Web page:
A Dave Matthews Band bus driver was recently convicted of emptying a septic tank onto the open deck of a Chicago River tour boat containing 100 passengers. He didn't mean to dump it on the tour boat, by the way--he just meant to dump it in the river. The driver had initially denied the charge, but tapes from surveillance cameras in nearby buildings showed him doing it. The band has donated $50,000 to Friends of the Chicago River and $50,000 to the Chicago Park District in an effort to soothe the troubled waters.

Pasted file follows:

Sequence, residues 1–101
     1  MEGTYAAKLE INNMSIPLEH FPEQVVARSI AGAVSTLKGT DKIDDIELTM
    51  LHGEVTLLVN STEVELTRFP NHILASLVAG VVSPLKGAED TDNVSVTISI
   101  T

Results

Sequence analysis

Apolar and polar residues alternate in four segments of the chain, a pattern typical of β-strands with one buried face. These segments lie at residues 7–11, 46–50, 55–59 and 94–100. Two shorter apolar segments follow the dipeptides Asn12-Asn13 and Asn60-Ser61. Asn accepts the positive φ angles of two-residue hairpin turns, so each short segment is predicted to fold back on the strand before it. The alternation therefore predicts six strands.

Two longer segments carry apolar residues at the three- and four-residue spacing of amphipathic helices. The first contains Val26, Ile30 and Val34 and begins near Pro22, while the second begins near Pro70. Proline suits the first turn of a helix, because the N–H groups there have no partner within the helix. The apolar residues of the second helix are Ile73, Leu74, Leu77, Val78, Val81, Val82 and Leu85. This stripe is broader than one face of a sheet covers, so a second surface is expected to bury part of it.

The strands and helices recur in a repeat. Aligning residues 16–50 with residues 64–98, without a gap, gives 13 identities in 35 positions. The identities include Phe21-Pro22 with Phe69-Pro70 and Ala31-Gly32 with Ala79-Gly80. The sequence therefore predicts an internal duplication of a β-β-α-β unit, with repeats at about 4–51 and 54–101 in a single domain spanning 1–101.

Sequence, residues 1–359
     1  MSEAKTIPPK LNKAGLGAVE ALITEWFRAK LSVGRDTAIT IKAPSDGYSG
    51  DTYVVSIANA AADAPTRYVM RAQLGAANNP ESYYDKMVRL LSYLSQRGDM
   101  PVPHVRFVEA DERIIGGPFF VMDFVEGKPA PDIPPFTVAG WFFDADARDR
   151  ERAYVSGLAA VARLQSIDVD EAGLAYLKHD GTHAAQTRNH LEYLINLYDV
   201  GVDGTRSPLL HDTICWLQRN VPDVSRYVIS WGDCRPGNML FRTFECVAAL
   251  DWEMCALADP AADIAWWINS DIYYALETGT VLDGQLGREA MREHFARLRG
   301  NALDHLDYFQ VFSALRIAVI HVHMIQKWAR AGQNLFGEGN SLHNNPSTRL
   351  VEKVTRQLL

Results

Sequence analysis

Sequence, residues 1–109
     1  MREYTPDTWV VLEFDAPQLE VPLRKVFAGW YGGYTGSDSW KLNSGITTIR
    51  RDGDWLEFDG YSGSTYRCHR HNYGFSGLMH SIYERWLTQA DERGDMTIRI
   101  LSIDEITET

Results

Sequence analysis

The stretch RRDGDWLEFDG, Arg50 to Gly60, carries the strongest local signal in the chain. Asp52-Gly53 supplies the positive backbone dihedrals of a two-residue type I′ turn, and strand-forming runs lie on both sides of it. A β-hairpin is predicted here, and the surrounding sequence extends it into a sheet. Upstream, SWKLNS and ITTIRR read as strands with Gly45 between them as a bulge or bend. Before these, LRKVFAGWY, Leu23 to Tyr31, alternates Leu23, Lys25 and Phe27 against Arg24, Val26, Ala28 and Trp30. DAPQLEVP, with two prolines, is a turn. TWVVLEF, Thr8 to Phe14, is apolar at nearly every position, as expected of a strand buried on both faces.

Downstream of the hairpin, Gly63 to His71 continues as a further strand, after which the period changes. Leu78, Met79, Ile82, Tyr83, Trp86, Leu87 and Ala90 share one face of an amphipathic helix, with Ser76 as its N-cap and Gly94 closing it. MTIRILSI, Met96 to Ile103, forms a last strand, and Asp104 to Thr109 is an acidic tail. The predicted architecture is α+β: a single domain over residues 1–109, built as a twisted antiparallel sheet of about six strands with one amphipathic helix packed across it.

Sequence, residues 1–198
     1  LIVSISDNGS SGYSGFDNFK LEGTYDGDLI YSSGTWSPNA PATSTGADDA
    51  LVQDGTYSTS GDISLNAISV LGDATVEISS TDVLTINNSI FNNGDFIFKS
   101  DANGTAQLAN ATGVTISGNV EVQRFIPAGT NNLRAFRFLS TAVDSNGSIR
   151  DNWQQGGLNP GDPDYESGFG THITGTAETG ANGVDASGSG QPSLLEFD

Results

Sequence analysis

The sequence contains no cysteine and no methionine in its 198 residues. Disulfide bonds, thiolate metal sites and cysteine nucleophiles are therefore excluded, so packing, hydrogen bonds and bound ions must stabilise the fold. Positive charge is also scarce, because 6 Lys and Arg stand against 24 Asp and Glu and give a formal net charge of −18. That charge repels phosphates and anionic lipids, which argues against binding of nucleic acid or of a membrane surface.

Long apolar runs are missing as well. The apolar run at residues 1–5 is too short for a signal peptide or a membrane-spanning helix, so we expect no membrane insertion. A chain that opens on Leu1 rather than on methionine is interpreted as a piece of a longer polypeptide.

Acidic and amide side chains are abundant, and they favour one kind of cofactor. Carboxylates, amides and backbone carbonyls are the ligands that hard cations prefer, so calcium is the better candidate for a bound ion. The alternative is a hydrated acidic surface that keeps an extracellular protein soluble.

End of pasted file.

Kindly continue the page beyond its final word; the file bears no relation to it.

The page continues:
Paradoxically, those of us who live in large cities usually assume that when we're in public--though we may be surrounded by hundreds of fellow citizens--we're anonymous (the "lonely crowd" syndrome). This is a luxury (if it is a luxury in these alienated days) that may fast be disappearing. The New York Civil Liberties Union (NYCLU) keeps a map of the cameras that survey public spaces in Manhattan...and there are thousands. We don't need to wait for Big Brother to install his Scary Surveillance Network: It's already been built, largely with private funds. All an official needs to do is subpoena the right tapes from the right time and she's set. With decent face recognition software, she will one day be able to look you up in the Department of Motor Vehicles license database. Add to that the proliferation of camera phones, which turn every citizen into a potential photographic snitch, and "public" isn’t nearly as private as it used to be.